Maple Student Edition
Maple Personal Edition
Maple Player for iPad
Maple T.A. MAA Placement Test Suite
Maple T.A. Connector for Blackboard Software
Möbius Project Home Page
View Math Apps
Machine Design / Industrial Automation
System Simulation and Analysis
Model development for HIL
Plant Modeling for Control Design
Other Application Areas
High Schools & Two-Year Colleges
Testing & Assessment
High Performance Computing
MapleSim Model Gallery
User Case Studies
Exploring Engineering Fundamentals
Teaching Concepts with Maple
Maplesoft Welcome Center
Teacher Resource Center
Student Help Center
select - selection from an expression
remove - removal from an expression
selectremove - selection or removal from an expression
select(f, e, b1, ..., bn)
select[flatten](f, e, b1, ..., bn)
remove(f, e, b1, ..., bn)
remove[flatten](f, e, b1, ..., bn)
selectremove(f, e, b1, ..., bn)
selectremove[flatten](f, e, b1, ..., bn)
b1, ..., bn
(optional) extra arguments
The select function selects the operands of the expression e which satisfy the Boolean-valued procedure f, and creates a new object of the same type as e. Those operands for which f does not return true are discarded in the newly created object.
When e is an ordered expression, such as a list or unevaluated function call, the operands of the output retain their relative order. If the expression e is an expression of type ^ and the result consists only of an exponent with a null base, then the output is undefined.
The remove function does the opposite of select. It removes the operands of e which satisfy f and creates a new object.
The selectremove function behaves in the same manner as select(..) and remove(..), except that the result is computed efficiently, in a single pass over expression e.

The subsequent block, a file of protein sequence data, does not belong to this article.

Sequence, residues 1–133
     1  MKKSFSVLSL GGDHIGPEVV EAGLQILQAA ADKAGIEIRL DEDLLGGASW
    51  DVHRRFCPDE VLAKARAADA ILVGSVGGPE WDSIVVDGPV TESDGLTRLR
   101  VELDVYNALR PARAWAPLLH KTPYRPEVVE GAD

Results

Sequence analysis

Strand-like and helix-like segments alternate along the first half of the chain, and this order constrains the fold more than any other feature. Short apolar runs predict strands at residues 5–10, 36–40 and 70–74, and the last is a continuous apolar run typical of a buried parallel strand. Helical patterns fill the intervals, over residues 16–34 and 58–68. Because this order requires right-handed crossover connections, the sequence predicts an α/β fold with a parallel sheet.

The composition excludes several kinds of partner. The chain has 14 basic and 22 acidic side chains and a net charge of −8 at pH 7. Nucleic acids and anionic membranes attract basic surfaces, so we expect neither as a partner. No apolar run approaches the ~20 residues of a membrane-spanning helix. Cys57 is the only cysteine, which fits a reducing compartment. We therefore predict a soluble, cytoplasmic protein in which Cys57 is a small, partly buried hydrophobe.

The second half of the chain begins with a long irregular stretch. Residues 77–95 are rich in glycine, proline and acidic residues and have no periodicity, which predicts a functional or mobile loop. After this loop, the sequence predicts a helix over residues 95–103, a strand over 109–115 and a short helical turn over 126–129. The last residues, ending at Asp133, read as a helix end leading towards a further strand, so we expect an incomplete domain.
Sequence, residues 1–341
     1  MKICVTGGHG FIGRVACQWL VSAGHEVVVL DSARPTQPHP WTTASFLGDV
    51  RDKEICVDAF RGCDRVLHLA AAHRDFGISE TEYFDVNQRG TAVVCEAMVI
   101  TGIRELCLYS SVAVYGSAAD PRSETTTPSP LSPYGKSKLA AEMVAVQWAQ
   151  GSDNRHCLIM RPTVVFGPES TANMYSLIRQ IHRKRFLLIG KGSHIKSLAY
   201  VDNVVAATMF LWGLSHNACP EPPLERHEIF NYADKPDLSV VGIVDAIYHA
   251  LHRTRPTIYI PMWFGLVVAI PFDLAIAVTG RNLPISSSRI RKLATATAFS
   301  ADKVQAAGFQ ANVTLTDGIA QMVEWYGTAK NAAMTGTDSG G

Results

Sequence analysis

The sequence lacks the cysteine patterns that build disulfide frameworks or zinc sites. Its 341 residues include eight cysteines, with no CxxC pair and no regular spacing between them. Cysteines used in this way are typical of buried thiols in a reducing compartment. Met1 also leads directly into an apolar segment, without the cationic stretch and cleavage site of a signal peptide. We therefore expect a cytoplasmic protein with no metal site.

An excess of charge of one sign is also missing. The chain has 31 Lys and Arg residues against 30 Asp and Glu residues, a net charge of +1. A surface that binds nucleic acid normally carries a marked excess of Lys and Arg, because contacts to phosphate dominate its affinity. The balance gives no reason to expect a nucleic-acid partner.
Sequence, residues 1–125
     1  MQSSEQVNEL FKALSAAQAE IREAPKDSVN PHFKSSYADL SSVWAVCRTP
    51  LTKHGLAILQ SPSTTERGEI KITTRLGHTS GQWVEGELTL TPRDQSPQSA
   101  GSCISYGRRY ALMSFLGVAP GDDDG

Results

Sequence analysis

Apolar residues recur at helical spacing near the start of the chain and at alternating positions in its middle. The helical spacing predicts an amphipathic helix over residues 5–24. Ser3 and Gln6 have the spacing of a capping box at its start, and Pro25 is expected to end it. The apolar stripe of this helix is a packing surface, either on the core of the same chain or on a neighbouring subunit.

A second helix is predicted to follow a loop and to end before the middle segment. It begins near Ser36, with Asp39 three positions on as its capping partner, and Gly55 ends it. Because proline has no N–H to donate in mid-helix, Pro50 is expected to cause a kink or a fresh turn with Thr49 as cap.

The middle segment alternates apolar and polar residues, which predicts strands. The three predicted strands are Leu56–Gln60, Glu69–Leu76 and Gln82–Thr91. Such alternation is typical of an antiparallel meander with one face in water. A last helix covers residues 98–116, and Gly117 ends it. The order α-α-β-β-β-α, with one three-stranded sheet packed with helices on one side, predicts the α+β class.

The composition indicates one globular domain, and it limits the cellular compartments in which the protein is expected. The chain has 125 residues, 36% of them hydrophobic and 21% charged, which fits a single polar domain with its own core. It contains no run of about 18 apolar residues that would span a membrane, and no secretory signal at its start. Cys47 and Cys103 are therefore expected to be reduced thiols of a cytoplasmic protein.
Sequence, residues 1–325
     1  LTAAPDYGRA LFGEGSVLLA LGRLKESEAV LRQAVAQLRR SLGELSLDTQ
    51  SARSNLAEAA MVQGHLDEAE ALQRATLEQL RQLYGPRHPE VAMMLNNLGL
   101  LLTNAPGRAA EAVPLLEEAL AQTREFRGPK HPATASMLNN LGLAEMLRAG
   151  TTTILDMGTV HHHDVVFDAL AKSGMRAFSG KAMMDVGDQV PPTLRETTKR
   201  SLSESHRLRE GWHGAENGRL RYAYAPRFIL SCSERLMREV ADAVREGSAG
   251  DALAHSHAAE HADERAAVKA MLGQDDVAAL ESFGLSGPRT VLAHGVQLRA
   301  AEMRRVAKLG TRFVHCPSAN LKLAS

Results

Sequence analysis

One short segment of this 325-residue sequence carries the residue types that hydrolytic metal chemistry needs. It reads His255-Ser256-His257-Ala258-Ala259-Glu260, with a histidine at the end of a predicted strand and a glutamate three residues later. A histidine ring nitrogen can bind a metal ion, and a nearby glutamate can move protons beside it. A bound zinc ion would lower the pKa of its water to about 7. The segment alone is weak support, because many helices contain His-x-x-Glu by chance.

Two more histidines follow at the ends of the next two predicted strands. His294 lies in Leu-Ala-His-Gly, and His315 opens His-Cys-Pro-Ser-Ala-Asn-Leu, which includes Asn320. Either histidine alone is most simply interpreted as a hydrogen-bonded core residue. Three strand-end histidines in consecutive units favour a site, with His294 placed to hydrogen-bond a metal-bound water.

Additional arguments b1, ..., bn are passed to f.
When e is an Array, Matrix, or Vector, the select[flatten] form can be used. This will cause the result to be flattened to a one-dimensional structure with all discarded elements removed (as opposed to having the discarded elements replaced with NULL).
A typical application that uses select and remove is to split the factors of a product, e, into those which depend on a variable x and those which do not (that is, constants). This can be accomplished by using v := select(has,e,x); followed by c:=remove⁡has,e,x. It is more efficient, however, to use v,c:=selectremove⁡has,e,x. Do not try to compute c:=ev. Because of the way Maple simplifies expressions, factors do not cancel out in general. See the last example below.
The flatten option was introduced in Maple 17.
For more information on Maple 17 changes, see Updates in Maple 17.
The select, remove and selectremove commands are thread-safe as of Maple 15.
For more information on thread safety, see index/threadsafe.
The following example selects any entries of a matrix matching a certain criteria, showing NULL for any entries that do not match. To see an example of removing any rows or columns that do not match a given criteria, see the Working with Subsections of Data - Extracting Data section in the LA_syntax_shortcuts page.
member, membertype, selectfun
Download Help Document